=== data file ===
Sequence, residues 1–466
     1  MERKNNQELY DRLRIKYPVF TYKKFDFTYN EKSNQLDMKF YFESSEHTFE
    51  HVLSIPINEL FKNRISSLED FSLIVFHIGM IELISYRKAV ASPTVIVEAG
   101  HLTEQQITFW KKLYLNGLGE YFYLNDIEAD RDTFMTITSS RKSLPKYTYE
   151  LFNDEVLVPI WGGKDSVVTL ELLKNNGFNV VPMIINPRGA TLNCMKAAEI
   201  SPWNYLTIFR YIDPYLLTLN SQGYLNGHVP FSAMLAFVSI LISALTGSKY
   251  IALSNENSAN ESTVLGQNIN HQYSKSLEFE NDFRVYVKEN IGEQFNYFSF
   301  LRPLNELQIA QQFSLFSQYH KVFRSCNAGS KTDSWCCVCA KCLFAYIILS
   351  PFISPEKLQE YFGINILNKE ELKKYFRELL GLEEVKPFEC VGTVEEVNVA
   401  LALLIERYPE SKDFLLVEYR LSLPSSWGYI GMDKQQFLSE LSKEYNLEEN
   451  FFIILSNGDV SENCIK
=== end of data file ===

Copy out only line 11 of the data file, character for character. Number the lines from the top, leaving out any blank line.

   451  FFIILSNGDV SENCIK